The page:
While in Object Mode you can click Add at the bottom left of the screen (left of Object Mode button) and then click Mesh to pick a new primitive to add to the 3D scene. Once it appears, right click on the object to select it. This will bring up the XYZ arrows which you can click on and drag to move the object. You can also press the S key to scale and R key to rotate. Confirm scaling and rotation operations with left clicks. Once you are happy with the placement and scale of the new object you can enter Edit Mode to move its faces, edges, and vertices. To get into Edit Mode make sure the object is selected then click the Object Mode button and select Edit Mode. You can also just press the TAB key. Note: If you add meshes while in Edit Mode they will become part of the object currently being edited.
If you see blue faces they may be facing the wrong way. At the bottom left of the Blender UI next to Object Mode: click Mesh > Normals > Flip Normals to flip the normals of the currently selected faces.
With two or more objects selected in Object Mode, click Object > Join to join the objects together. They can then be edited as a single mesh in Edit Mode. You can also use CTRL-J to do this. Note: The pivot point of the joined object will be that of the last object selected before joining.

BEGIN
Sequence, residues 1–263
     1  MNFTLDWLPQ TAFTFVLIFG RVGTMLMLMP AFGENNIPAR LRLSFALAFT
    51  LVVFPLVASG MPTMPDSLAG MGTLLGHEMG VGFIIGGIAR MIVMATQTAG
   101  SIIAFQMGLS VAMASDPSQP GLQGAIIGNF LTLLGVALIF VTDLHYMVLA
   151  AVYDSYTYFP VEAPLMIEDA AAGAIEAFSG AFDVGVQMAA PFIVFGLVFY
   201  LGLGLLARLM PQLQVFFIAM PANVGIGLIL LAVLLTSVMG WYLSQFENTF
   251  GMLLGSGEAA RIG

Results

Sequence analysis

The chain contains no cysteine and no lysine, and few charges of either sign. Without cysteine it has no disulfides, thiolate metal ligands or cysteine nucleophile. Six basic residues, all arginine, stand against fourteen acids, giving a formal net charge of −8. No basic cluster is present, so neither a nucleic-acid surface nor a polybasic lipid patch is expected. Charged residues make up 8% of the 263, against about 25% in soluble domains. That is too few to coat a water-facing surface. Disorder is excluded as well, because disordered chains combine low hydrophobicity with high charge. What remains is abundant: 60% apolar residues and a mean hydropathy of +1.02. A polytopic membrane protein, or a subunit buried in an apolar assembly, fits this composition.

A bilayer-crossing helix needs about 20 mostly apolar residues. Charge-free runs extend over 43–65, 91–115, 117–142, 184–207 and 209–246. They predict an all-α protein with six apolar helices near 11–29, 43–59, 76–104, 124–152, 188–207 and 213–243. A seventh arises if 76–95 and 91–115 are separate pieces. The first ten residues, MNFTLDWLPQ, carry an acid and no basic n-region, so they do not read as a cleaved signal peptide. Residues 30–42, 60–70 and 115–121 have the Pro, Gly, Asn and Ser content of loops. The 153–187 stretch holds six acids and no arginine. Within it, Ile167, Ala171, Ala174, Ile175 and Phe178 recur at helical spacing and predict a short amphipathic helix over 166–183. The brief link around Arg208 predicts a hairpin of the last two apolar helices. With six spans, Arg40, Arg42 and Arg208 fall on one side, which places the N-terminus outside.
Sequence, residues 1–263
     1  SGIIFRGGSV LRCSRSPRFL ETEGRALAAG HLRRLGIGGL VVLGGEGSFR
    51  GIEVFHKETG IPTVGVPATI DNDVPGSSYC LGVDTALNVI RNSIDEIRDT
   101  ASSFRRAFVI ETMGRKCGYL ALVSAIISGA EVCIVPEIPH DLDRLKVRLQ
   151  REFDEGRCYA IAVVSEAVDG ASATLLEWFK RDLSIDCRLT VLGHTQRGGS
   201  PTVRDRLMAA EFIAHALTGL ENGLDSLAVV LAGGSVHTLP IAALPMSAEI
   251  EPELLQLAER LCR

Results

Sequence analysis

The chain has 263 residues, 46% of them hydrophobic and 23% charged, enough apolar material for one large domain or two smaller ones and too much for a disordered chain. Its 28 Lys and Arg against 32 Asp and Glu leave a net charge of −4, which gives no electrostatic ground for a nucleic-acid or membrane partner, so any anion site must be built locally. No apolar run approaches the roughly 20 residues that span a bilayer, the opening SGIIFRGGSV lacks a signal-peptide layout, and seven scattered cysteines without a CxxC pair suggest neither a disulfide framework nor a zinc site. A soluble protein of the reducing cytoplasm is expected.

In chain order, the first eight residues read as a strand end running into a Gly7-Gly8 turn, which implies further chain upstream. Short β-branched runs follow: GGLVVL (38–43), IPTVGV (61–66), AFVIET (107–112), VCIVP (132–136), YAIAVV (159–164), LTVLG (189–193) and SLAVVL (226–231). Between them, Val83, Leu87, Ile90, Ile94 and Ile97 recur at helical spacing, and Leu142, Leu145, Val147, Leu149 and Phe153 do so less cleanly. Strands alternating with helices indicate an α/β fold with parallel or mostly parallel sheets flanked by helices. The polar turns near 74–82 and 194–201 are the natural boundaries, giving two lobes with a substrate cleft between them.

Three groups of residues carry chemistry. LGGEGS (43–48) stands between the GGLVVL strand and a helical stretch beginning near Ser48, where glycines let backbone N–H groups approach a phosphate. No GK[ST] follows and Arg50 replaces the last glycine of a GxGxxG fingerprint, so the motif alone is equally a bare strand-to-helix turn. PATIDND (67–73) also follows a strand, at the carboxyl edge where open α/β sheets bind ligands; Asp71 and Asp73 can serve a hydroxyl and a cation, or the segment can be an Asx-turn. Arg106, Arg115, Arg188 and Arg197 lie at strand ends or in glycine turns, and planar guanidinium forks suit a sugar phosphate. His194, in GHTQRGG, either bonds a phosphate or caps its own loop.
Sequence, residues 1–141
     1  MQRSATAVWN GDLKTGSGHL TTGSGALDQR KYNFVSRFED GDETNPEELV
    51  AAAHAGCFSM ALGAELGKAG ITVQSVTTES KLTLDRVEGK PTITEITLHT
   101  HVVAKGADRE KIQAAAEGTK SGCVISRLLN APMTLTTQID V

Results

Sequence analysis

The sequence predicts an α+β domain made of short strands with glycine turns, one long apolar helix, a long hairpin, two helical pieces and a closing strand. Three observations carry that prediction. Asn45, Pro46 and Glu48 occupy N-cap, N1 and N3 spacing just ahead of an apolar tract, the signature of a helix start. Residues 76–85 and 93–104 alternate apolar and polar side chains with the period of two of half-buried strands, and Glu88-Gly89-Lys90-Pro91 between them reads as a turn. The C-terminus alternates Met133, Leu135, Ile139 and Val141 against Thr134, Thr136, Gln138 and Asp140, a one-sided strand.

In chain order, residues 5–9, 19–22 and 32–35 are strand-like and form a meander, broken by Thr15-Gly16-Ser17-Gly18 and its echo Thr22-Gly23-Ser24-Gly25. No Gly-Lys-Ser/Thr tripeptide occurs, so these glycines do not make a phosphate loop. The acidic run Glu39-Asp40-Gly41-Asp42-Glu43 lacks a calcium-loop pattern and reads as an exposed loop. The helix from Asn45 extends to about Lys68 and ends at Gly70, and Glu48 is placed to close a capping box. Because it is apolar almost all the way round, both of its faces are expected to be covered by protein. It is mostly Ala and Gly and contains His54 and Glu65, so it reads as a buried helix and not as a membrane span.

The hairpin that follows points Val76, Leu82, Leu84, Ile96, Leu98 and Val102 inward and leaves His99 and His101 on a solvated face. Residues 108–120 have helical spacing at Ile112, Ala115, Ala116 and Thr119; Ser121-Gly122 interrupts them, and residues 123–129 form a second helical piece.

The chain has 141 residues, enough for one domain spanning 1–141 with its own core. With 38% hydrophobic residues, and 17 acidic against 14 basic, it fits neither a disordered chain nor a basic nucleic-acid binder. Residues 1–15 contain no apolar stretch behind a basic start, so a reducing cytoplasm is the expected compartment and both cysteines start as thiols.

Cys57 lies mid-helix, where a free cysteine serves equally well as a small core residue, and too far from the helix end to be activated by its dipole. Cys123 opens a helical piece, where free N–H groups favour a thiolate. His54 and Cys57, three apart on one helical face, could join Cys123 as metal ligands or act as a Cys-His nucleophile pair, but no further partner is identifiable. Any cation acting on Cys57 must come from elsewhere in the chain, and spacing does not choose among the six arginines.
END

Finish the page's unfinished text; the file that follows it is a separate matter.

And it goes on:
While modeling you may find that your mesh is not where you want it to be relative to your object's pivot point or the center of the 3D scene. If this happens enter Object Mode then press SHIFT-S and snap cursor to center. Select your object, press SHIFT-S and snap to cursor. Enter Edit Mode, select all, then translate everything until you are happy with the placement relative to the pivot point.
Keyboard Shortcuts (Object Mode and Edit Mode):
TAB, toggle between modes
CTRL-TAB, switch between editing faces, edges, or vertices
Z, toggle between wire frame and solid view
SHIFT (hold) + RIGHT CLICK, select multiple
A, select everything, or deselect
CTRL-I, invert selection
SHIFT-D, duplicate selection
C, circle select - Mouse wheel changes circle size, left click and drag selects, middle click and drag deselects, and right click exits.
B, box select - Left click and drag to select, middle click and drag to deselect, and right click to exit.
S, scale selected - use X, Y, or Z keys to select axis - Try moving the mouse cursor closer or farther from center of scaling before pressing S to change scaling rate.
R, rotate selected - use X, Y, or Z keys to select the axis
RIGHT CLICK, cancel the current translate, scale, or rotate operation
CTRL (hold), perform large snaps during translate/scale/rotate
SHIFT (hold), allow for fine translate/scale/rotate
X, delete selected
SHIFT-S, bring up snap options for moving selection to cursor or vice versa